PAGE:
What It’s Really Like Parenting With A Disability – Scary Mommy

What It’s Really Like Parenting With A Disability

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I’m a mom of one very vivacious 3-year-old. I’m also a military wife, expecting my second child this September, and, oh yeah, I have a rare form of dwarfism, called diastrophic dysplasia. This means I’m nearly the same height as my son, Titan. I’ve never defined my life by my disability, and have always lived on my own terms. That’s why at the age of 15 I underwent drastic measures—I chose to undergo limb lengthening in the name of independence. I was told I could gain only 3 inches, but totaled 14 when the lengthening process was over. Instead of standing at 3 feet 5 inches tall, I am now proudly 4 feet 10 inches tall.

Having children is also something one assumes will not happen for people with diastrophic dysplasia. My sister-in-law (graciously?) volunteered to be my surrogate before my husband, Eric, and I had the chance to consider if having children was right for us, or if it was even in the realm of possibility. But, when Eric returned from a yearlong deployment, life proved it was possible.

Titan was born 6 pounds, 10 ounces—a far cry from the 3-pound goal set by my doctors. Having accomplished what others doubted was possible helps me keep a positive perspective in parenting. Whenever my son and I go out in public (restaurant, public pool, or even grocery store) I am constantly met with looks from strangers that scream, “How does she do it!?” Tucked behind this curiosity, I bet some wish they could be a fly on the wall in my home to satisfy more follow-up questions, too. So, I thought I’d try to answer the top five curiosities about parenting with a disability that I assume many people have, but are too embarrassed to ask (because who wants to be that person?). My answers will certainly inspire, and may even surprise you. And I bet you’ll be able to relate—handicapped or not.

He came out of you!? How?

My neighbor once asked me, “Who’s the little boy you’re babysitting?” It took me a moment to realize he was referring to my son. I spent a good five minutes convincing him that Titan was mine. Later, it bothered me. Why was it so hard to believe? Then I recognized that he wasn’t being malicious, just super perplexed. I often wonder, How did I pull off having a baby? The answer: I have no damn idea. I needed help washing and dressing, struggled to breathe, became beholden to a wheelchair, and had to wear a heart monitor. When my fully capable friend called and announced she was pregnant and seriously struggling (heart burn, back pain, vomiting, and at risk for preeclampsia), I realized the hardships and the risks associated with pregnancy are not singular to my handicap. Or, to any handicap, for that matter. There’s a lot of adapting and overcoming to be done, none of which is glamorous. Maybe all mothers (big, tall, short, skinny, handicap or not), should all ask the same valid question: How do we do it!? It’s amazing (being a mother). And being asked that question, “how do you do it?” doesn’t always hold malice behind it. Once we realize how amazing we are, we should treat ourselves to a nice pair of shoes, a martini, and a new purse.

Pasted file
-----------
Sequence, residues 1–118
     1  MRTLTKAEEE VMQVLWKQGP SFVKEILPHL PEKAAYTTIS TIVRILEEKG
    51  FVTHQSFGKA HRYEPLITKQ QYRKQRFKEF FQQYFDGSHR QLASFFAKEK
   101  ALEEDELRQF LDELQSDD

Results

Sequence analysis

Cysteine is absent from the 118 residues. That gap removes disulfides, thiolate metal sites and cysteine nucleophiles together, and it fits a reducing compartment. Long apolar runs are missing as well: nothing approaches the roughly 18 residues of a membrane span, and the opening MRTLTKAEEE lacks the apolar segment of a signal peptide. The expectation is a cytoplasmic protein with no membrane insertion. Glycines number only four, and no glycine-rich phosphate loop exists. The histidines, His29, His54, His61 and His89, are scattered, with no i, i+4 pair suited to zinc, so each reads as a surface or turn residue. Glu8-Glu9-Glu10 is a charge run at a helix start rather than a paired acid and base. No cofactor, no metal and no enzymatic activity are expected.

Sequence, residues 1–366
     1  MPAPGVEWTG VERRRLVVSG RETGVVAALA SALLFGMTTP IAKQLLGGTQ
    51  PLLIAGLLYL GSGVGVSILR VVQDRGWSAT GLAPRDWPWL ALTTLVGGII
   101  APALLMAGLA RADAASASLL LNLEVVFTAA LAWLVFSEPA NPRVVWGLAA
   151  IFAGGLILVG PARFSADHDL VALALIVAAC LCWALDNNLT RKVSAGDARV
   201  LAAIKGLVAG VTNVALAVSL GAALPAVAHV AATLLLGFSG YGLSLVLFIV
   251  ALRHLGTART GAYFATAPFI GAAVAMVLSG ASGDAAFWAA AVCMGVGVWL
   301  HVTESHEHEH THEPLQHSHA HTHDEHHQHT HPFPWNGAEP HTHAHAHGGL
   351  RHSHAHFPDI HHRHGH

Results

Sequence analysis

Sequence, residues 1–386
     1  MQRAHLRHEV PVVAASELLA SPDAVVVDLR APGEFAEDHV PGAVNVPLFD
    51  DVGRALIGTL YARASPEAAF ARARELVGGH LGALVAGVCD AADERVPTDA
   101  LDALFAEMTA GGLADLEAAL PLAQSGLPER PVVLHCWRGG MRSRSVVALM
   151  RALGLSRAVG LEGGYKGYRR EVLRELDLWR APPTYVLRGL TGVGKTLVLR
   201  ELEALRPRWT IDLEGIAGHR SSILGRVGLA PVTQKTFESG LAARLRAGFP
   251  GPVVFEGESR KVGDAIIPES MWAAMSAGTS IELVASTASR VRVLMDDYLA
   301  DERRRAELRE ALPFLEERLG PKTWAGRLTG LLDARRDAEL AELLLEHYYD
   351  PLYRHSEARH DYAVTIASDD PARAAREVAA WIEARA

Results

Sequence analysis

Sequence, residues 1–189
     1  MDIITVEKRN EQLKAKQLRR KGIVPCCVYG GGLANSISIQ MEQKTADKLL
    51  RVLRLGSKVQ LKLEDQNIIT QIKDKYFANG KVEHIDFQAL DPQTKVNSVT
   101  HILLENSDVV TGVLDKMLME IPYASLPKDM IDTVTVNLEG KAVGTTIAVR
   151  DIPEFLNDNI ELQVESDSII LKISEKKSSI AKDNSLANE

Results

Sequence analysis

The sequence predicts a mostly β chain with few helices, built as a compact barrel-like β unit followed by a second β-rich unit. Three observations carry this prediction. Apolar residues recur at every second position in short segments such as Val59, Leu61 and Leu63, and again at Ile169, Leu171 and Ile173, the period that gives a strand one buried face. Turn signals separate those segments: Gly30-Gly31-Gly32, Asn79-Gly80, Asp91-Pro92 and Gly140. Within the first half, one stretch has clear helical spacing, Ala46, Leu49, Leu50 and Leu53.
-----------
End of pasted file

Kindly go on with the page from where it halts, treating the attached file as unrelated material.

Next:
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©Tiffanie DiDonato

How do you discipline your child when he’s more physically capable than you?

At 9 months, Titan was up and practically running. At 2-years-old his reach exceeded my own. His name suits him perfectly, maybe too perfectly. One moment he’s balancing on the kitchen counter and in the next flash he’s across the house. His beautiful ability to maneuver with speed and agility poses a real issue when it comes to correcting certain behavior. I’m left with the one asset more developed than his—my brain.

Titan is the kind of boy who hates to be ignored. He aims to please. When I refuse to acknowledge him or take part in that proverbial game of control, and choose to walk away, Titan stops and reconsiders what’s happening. It’s as if he’s feeling, This isn’t what I planned. I have to listen, watch closely, and learn what drives him. This is where my handicap is an advantage. I’ve watched my husband (a man who can get a perfect score in a Combat Fitness Test) get winded from fighting to corral Titan. Eventually, Eric declares, “Babe, what do I do?” It makes me feel good to reply, “Brains over brawn, young Padawan.” Brains over brawn.